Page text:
Washing your romaine lettuce won't eliminate E. coli - here's how to minimize your risk during the current outbreak
- Romaine lettuce that was grown near Yuma, Arizona, has been linked to an outbreak of a dangerous strain of E. coli.
- The CDC wants people to avoid all forms of romaine unless they are certain it didn't come from Arizona.
- Washing the greens is not enough to remove E. coli bacteria, according to a recent study.
If you've got romaine lettuce in your refrigerator, throw it out - and then give the fridge a good scrub, ideally with bleach.
Why washing won't workAlthough washing produce can reduce some contamination, it doesn't kill bacteria, so unfortunately won't eliminate the risk. Once E. coli bacteria make their way onto lettuce, they are able to fill tiny cracks and crevices all over a leaf. And even a small number of E. coli bacteria are enough to get people sick.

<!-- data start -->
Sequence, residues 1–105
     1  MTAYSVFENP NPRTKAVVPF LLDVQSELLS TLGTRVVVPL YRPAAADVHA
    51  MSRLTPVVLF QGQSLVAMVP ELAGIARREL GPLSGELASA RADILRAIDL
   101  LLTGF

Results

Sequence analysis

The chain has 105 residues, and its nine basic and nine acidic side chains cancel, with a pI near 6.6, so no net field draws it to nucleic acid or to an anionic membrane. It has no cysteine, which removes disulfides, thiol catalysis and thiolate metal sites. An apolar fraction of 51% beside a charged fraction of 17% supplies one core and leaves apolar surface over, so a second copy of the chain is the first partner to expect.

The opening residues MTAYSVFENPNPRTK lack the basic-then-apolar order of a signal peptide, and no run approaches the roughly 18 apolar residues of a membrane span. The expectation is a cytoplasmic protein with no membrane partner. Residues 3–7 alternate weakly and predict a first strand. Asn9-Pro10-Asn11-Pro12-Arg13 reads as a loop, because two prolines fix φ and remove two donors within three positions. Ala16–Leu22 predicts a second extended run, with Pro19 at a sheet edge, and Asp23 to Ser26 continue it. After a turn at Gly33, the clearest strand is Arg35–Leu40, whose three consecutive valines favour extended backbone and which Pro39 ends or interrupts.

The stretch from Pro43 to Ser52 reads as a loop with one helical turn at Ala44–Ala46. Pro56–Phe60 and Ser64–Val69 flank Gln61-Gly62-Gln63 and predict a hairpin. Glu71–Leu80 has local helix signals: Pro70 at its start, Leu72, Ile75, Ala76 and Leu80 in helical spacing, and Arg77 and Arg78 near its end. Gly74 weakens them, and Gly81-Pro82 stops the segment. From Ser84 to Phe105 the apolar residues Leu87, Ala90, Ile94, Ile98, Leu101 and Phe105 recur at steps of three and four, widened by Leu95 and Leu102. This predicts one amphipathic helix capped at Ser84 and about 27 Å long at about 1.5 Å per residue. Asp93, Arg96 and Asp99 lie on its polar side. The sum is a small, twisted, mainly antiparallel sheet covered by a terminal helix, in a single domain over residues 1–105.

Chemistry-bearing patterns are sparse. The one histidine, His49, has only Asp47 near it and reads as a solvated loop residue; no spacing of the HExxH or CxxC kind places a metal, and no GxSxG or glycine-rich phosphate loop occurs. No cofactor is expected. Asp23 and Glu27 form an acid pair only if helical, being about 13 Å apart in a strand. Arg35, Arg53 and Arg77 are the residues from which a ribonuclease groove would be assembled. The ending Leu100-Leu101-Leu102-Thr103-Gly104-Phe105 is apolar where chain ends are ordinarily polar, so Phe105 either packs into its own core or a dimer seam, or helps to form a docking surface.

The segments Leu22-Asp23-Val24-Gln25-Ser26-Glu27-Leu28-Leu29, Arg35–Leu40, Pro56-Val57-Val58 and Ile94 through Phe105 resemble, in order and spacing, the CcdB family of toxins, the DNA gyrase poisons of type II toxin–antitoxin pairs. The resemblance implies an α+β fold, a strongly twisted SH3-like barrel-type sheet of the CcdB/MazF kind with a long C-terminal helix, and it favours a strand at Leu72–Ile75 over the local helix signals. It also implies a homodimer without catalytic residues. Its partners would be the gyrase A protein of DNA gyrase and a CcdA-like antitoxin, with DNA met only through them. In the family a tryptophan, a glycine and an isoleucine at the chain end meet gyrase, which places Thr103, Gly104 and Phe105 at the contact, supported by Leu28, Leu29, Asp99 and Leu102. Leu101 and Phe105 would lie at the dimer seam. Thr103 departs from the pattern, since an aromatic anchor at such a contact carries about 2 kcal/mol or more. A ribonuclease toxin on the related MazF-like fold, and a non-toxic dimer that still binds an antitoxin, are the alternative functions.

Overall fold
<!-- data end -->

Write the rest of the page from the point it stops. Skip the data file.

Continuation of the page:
Leafy greens like romaine and spinach are the most common sources of foodborne illness infections, according to an analysis by the CDC. There are many opportunities for bacteria to spread to these products and they're usually eaten raw, which means bacteria aren't killed by cooking.
E. coli cases documented in 16 US statesThis particular E. coli outbreak is linked to a potentially deadly strain of the bacteria, called E. coli O157:H7. The strain, which usually originates in the guts of farm animals or deer, could have contaminated soil where the lettuce was grown. It's also possible that a food-handler didn't properly clean their hands or a contaminated surface that touched the romaine.So far, the CDC has documented at least 53 cases of infection in 16 states, with 31 people hospitalized. At least five individuals developed a type of kidney failure called hemolytic uremic syndrome. However, those numbers do not yet include a group of people who got sick after eating contaminated lettuce at a correctional facility in Alaska.
Until the CDC issues an all-clear, it's best to avoid romaine.
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